Whew! My little doggies are burnin’! Why? Back to school shopping that’s why! Our ( always homeschooled )daughter is attending public high school for the second year in a row and she’s had me runnin from one end (of two of the largest malls on the south shore) to the other shopping for her back to school wardrobe. She’s a good little shopper… Only shops clearance and the sale racks! The good news is we only have to shop till we drop for one child because the other one will NOT be going back to school. Our son is in his senior year as a homeschooler. I get choked up just thinking about it. Sniff, sniff… I know many of my farmgirl sisters are already homeschooling and I bet there are a few of you out there who are on the fence trying to decide if homeschooling is for your family. Come on in for a little gentle persuasion from dear old Deb. I’ve got a few pearls of wisdom for ya!
Up until a few days ago I hadn’t planned on writing about homeschooling but even before another school year is off the ground stories of school violence, bomb threats, and school safety issues are front and center in the news already. It breaks my heart every time I hear of another school violence incident. And, whether we like it or not school violence is fast becoming one of many reasons some people choose homeschooling over public or private school education. For many it’s at the top of the list! But homeschooling isn’t a one size fits all sort of thing, any more than compulsory education is. Our daughter who attends public school has experienced the ups and the downs of the educational system. She still chooses public school because she wants a ” bigger ” school experience for herself and she likes being out and about every day with her gal pals! Can’t say as I blame her! Our son, however lives the life of a working artist right down to the late night ( often stretching into the wee hours ) writing sessions. He aims to be a recording artist and music producer one day! His dedication to his craft is staggering. This, from the boy who never wanted to do his writing lessons and spelling tests and who caused his mother a few gray hairs worrying about it too! Would you believe he writes all of his song lyrics long hand and never leaves the house with out a spiral notebook and a pen?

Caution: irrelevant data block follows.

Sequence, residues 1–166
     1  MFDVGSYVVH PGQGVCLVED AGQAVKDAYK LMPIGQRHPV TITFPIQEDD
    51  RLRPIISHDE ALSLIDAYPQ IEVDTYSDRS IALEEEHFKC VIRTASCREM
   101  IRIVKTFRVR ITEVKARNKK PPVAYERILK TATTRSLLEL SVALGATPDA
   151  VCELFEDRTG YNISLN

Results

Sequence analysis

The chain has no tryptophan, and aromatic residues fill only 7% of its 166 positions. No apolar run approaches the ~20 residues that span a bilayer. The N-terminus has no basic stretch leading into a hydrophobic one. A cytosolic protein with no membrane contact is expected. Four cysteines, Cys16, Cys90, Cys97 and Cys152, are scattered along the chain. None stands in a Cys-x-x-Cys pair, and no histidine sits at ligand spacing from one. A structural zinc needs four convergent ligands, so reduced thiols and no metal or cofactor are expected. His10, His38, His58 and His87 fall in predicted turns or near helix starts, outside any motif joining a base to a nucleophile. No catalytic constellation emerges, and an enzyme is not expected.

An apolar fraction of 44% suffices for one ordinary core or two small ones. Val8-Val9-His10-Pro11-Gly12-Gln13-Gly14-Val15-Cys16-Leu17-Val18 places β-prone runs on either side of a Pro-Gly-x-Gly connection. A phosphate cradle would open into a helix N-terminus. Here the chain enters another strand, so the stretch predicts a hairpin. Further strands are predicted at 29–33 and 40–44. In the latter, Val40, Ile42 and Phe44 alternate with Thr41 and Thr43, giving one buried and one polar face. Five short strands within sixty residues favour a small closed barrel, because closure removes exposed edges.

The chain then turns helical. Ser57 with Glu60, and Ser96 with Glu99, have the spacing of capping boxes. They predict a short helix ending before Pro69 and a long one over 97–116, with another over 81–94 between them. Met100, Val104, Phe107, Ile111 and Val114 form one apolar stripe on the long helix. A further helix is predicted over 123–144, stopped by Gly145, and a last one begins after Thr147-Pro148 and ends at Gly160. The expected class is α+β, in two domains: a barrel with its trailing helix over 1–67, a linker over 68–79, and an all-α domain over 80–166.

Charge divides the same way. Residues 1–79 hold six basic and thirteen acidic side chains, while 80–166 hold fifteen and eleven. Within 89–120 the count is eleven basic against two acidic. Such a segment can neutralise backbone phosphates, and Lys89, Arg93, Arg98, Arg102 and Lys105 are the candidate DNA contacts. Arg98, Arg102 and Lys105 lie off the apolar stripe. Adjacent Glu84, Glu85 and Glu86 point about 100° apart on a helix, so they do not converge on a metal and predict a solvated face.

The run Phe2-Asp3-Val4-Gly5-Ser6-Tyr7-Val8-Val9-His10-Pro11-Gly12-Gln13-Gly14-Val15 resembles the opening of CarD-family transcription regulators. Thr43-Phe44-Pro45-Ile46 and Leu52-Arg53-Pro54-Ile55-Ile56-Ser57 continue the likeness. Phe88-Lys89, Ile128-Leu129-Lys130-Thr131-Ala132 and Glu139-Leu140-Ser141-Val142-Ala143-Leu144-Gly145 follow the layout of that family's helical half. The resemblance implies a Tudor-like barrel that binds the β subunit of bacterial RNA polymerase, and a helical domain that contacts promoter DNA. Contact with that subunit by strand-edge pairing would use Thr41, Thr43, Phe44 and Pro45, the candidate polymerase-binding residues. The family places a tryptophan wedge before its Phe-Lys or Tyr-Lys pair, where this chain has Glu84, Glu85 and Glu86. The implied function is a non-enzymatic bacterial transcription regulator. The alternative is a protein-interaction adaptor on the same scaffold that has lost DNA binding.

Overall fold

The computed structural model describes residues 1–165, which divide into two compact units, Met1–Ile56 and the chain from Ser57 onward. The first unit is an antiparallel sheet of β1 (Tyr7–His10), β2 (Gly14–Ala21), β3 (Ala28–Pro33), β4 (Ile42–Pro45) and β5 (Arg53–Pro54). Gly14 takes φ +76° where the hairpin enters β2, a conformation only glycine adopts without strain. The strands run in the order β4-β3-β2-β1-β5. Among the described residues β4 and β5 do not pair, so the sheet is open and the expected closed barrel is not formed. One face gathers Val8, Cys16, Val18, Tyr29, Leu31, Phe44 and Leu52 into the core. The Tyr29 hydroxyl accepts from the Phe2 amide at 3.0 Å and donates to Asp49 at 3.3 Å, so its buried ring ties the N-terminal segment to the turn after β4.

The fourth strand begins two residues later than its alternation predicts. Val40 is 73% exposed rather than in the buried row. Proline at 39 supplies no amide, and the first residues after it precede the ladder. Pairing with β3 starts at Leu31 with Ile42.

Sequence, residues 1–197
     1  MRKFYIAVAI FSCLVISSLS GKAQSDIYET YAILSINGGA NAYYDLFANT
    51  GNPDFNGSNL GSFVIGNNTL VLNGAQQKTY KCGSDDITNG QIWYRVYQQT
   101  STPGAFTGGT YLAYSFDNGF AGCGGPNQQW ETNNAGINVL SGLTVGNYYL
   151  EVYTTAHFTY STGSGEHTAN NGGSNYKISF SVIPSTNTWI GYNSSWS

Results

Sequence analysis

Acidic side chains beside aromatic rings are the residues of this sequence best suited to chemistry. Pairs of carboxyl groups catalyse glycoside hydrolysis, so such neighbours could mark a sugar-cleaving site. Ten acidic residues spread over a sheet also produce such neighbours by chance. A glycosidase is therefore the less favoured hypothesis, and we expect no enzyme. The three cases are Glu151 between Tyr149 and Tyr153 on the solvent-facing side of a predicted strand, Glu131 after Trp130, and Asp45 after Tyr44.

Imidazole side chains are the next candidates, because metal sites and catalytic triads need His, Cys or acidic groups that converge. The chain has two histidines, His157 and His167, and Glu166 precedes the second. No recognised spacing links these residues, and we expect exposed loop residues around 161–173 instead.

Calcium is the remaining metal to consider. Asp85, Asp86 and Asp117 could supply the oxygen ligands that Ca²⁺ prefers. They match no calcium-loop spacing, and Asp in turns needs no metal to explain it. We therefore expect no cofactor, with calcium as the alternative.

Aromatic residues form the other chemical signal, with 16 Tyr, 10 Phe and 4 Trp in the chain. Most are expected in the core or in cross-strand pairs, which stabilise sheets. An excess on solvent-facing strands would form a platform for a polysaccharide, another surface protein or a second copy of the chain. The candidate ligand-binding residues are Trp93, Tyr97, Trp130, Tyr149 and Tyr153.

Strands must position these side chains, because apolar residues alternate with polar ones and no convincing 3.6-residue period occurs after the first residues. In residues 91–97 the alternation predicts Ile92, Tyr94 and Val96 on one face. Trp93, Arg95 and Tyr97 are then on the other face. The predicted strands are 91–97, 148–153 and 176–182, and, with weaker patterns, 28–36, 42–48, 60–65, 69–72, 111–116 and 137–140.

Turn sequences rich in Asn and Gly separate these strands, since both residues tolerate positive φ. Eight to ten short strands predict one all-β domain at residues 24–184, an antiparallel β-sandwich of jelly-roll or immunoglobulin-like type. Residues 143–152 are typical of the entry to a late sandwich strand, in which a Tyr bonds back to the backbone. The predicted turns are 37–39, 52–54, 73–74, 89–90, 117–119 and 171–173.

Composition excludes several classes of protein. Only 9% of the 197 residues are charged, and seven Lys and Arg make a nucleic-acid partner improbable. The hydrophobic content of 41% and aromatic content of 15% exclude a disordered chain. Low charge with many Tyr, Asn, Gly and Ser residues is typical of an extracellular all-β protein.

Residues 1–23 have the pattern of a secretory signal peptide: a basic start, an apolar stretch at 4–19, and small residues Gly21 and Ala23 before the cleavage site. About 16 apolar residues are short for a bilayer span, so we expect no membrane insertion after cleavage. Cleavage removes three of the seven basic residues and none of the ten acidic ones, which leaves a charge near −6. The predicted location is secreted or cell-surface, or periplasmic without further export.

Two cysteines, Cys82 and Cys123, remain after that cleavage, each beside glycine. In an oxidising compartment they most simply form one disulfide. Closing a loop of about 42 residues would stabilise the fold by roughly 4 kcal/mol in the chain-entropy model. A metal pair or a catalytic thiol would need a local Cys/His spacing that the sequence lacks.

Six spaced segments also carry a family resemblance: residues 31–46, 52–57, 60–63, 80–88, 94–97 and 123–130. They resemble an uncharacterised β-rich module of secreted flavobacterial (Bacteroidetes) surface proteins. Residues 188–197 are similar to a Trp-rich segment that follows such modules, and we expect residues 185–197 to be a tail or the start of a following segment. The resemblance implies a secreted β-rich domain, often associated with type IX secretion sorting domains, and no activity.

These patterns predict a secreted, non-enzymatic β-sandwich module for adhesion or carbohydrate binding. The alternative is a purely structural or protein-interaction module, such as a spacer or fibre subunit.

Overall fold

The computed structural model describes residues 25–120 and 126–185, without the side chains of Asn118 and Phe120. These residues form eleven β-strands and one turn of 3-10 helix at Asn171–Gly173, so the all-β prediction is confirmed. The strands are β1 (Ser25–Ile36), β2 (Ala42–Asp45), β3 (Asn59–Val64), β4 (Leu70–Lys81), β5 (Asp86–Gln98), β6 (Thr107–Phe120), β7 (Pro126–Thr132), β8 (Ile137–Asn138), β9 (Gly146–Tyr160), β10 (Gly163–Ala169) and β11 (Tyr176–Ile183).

This post isn’t entirely about me braggin’ about my kids and how homeschooling is the end all be all. The last 13 years have flown by, the kids grew up and before I knew it I became a veteran homeschooler! I could tell you what WE did, but wouldn’t it be more fun if I busted a few homeschooling myths and answered a few questions instead? I think so too! Here goes:
FIVE HOMESCHOOLING MYTHS:
Homeschoolers lack proper socialization: This is an oldie but a goodie and simply not true. Most folks know a homeschool family or two by now and can attest to the fact that they are living and walking among the masses! They participate in town sports, community art classes, archery, organized clubs and organizations, and some are attending college at very early ages, not to mention winning National Spelling Competitions right and left!
Homeschoolers are very religious: Some homeschoolers choose a secular based home education curriculum to teach their children the ways of the bible and the theories of religion along with their core courses.
Homeschoolers are lazy and will never amount to anything because they haven’t learned to get up early and ride a school bus. Just because a child doesn’t rise early and board a school bus at o dark thirty doesn’t not mean he/she is not growing, thriving and learning every day.
Homeschooler’s stay in their PJ’s all day and don’t comb their hair:
THIS ONE IS TRUE! I wouldn’t trade the many mornings we had snuggled on the couch in our PJ’s after breakfast when the kids were very young, learning to read, and when they were able to read allowed. And just to add to this idealistic visual we DID comb our hair before leaving the house.
Homeschoolers have a hard time getting into college: NONSENSE! Colleges are looking for students who have the discipline to learn independently, think creatively, ( out of the box ) and have the drive to succeed. It doesn’t matter if you’re homeschooled or not. If your homeschooled high school student has his/her sights set on a traditional 4 year college you and your child must learn what the requirements are for the application process just like any other student. We are researching various Music Producing Schools and programs for our high school senior and learning as we go.
FIVE Common Homeschooling questions:
Is Homeschooling legal? YES! Homeschooling is legal in all 50 states! Some states have lower regulation laws than others. It’s always best to familiarize yourself the laws of your state before diving in to homeschooling. In most states all you need to do to get started is to contact your School Department and state that you wish to homeschool and they will provide you with the proper forms and requirements for your state. In many states a simple letter of intent is all that is needed. In others, like Massachusetts for example, a formal educational plan may be required and yearly work samples or a progress report submitted for evaluation.